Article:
Barack Obama ran both of his presidential campaigns on a promise to wind down America’s foreign wars. Even as the self-proclaimed Islamic State terrorist group has taken advantage of the power vacuum left by the US invasion, gaining large swaths of Iraq and Syria, Obama has remained steadfast: No boots on the ground.
"As your commander in chief, I will not commit you and the rest of our armed forces to fighting another ground war in Iraq," the president said last September.
That pledge has come with a few caveats. For one, while the US has been adamantly against ground combat missions, it has targeted Islamic State militants with strategic airstrikes.
Secondly, the Pentagon has retained a large troop presence in Iraq, though only for training and advising Iraqi forces. Currently, the United States has 3,000 military personnel spread across four separate training sites.
As early as this summer, the White House could be sending an additional 450 troops into Iraq, seemingly reversing President Obama’s regional strategy. Cementing a prolonged US presence even further is the fact that those new troops will be stationed at a new training facility to be built in Anbar province.
"These new advisers will work to build capacity of Iraqi forces, including local tribal fighters, to improve their ability to plan, lead and conduct operations against ISIL in the eastern Anbar under the command of the prime minister," White House press secretary Josh Earnest said in a statement on Wednesday.
The new base will be constructed at the Iraqi military base, Taqaddum. US officials hope that the facility’s location in eastern Anbar will provide troops with a unique ability to reach out to Sunni tribes in the area, potentially recruiting them in the Shiite-majority Iraqi Army.
"The Sunnis want to be part of the fight," a senior US official told the New York Times. "This will help empower them, creating more recruits and more units to fight ISIL."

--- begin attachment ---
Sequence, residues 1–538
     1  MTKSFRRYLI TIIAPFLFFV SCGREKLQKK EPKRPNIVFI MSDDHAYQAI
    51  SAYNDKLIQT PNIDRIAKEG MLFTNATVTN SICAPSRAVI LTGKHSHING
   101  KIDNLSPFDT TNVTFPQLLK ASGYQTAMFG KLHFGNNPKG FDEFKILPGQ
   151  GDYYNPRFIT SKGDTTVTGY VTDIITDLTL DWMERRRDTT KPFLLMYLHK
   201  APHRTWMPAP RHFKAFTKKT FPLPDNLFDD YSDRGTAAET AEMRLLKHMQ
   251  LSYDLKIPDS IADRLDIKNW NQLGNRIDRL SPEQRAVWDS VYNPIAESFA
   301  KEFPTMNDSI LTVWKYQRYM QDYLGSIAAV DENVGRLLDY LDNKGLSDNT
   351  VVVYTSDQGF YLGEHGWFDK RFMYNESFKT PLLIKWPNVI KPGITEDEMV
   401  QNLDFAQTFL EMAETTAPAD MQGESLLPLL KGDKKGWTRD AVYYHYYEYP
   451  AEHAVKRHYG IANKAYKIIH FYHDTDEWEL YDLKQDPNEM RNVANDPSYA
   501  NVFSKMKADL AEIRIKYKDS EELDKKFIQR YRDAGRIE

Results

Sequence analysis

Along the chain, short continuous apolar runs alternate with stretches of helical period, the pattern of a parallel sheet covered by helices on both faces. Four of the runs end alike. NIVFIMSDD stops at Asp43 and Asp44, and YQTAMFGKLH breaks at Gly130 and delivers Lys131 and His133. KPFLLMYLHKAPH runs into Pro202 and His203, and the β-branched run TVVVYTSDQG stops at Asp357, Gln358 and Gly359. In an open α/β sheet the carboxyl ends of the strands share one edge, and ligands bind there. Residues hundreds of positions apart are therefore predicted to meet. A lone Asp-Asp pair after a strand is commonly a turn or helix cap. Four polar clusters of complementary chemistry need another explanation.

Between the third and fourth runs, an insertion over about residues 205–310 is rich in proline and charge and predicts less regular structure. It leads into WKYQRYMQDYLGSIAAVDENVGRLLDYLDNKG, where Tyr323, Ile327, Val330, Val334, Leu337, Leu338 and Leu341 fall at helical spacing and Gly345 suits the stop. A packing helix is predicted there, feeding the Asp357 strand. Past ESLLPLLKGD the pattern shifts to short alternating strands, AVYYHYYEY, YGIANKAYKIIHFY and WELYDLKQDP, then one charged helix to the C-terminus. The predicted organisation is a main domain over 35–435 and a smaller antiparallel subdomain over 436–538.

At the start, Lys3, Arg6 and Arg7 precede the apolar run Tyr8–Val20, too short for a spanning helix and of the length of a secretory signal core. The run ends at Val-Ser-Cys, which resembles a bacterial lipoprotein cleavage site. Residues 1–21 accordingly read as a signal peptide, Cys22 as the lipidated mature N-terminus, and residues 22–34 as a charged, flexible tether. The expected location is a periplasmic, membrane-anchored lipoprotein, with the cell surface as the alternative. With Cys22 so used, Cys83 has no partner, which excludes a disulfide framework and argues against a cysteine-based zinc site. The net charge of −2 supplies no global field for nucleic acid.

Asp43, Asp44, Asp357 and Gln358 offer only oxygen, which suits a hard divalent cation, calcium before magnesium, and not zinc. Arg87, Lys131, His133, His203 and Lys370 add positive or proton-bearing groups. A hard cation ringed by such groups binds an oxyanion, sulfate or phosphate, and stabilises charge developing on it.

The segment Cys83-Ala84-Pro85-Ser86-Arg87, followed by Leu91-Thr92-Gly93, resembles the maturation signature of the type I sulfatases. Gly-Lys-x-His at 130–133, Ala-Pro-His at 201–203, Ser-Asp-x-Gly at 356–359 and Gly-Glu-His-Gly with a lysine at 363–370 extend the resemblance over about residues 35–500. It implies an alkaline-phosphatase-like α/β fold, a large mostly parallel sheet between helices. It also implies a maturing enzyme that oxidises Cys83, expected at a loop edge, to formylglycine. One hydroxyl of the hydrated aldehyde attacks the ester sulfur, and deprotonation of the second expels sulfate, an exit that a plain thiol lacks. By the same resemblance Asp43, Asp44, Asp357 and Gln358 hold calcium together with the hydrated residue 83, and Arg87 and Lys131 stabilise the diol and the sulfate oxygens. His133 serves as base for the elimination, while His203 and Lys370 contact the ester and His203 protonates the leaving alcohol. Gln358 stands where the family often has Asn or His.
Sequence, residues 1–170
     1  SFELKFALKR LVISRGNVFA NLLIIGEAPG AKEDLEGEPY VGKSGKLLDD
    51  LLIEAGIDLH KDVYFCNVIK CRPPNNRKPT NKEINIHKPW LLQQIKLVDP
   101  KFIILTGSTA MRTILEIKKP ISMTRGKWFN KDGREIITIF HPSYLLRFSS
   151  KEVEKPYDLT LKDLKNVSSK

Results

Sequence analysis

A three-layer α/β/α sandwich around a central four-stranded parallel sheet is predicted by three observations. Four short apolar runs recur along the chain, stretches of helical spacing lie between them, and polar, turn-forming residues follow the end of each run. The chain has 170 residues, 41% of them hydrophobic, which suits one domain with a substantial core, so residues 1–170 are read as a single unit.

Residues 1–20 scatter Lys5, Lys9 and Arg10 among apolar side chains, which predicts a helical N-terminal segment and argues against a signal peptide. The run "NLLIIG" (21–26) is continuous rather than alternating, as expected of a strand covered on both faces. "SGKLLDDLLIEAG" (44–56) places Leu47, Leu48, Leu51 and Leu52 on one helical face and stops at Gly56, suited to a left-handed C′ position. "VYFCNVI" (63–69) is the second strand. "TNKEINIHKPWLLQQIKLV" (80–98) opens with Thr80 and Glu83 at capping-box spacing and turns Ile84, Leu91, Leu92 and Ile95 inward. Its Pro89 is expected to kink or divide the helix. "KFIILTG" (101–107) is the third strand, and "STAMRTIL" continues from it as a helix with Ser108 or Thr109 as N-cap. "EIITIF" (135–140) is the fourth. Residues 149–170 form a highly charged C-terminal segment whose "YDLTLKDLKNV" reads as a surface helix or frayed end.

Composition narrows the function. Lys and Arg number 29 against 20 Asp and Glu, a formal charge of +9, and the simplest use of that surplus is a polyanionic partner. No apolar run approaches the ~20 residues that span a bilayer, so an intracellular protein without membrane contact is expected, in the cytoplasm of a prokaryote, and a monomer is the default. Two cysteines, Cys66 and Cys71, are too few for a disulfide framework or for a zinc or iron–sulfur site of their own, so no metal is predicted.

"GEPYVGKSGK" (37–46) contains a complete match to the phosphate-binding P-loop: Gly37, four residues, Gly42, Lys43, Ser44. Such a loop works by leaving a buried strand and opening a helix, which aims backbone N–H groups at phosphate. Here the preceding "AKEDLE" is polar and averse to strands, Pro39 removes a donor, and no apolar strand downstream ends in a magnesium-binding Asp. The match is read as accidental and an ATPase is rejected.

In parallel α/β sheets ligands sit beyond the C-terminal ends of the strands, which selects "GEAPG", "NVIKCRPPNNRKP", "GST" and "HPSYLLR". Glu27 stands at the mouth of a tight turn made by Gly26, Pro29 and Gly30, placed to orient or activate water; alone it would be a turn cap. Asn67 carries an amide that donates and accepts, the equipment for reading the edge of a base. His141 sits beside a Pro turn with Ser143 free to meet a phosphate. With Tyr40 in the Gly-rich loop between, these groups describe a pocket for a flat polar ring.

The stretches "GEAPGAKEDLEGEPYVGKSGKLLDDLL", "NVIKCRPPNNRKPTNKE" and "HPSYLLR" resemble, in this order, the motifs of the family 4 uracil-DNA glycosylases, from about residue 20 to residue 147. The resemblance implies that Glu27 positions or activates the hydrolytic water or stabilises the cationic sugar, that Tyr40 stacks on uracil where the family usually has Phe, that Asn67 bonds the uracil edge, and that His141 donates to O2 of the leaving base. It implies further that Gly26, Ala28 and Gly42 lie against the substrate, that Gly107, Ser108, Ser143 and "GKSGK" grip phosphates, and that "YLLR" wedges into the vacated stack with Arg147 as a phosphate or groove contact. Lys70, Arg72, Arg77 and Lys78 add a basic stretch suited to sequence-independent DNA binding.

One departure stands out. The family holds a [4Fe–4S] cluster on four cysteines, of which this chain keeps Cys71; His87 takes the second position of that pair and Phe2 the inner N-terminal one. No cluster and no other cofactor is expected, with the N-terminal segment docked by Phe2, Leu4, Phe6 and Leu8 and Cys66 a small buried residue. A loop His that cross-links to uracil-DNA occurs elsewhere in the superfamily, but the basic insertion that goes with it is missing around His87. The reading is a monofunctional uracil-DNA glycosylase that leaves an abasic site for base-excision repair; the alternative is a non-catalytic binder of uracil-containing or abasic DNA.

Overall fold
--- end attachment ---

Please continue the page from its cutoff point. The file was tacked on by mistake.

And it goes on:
In addition to the training operation, the White House will also hasten the delivery of a new weapons stockpile to both the Iraqi Army and tribal fighters struggling against the Islamic State. Because the administration has resisted arming Sunni tribes in the past, it claims it is sticking to that policy by only shipping arms directly to the Iraqi Army, which will then, ideally, enlist Sunni fighters.
In this way, the White House can deny it has directly armed tribal forces.
Obama said that his decision follows a request from Iraqi Prime Minister Haider al-Abadi during the G7 summit in Germany earlier this week. With US help, the Iraqi government hopes to assemble a force of 10,000 to retake the city of Ramadi from Islamic State militants. From there, coalition forces would stand a better chance of retaking Mosul, the country’s second-largest city.
"This decision does not represent a change in mission, but rather adds another location for DOD to conduct similar activities in more areas in Iraq," the Department of Defense said in a statement, stressing the Obama administration’s insistence that the US will not be drawn into another ground war.
"This effort is in keeping with our overarching strategy to work with partners on the ground to degrade and ultimately defeat ISIL."
While the administration stresses that US troops will be far from the frontline, many US lawmakers have been pushing for the US to take a more active combat role. Arizona Senator John McCain has urged Obama to approve the use of spotters for calling in airstrikes, as well as helicopter gunships.
During a visit to Israel on Tuesday, General Martin Dempsey, Chairman of the Joint Chiefs of Staff, noted that the new US base signifies an expanded military footprint in the region. Time will tell how much more expansive that presence will become.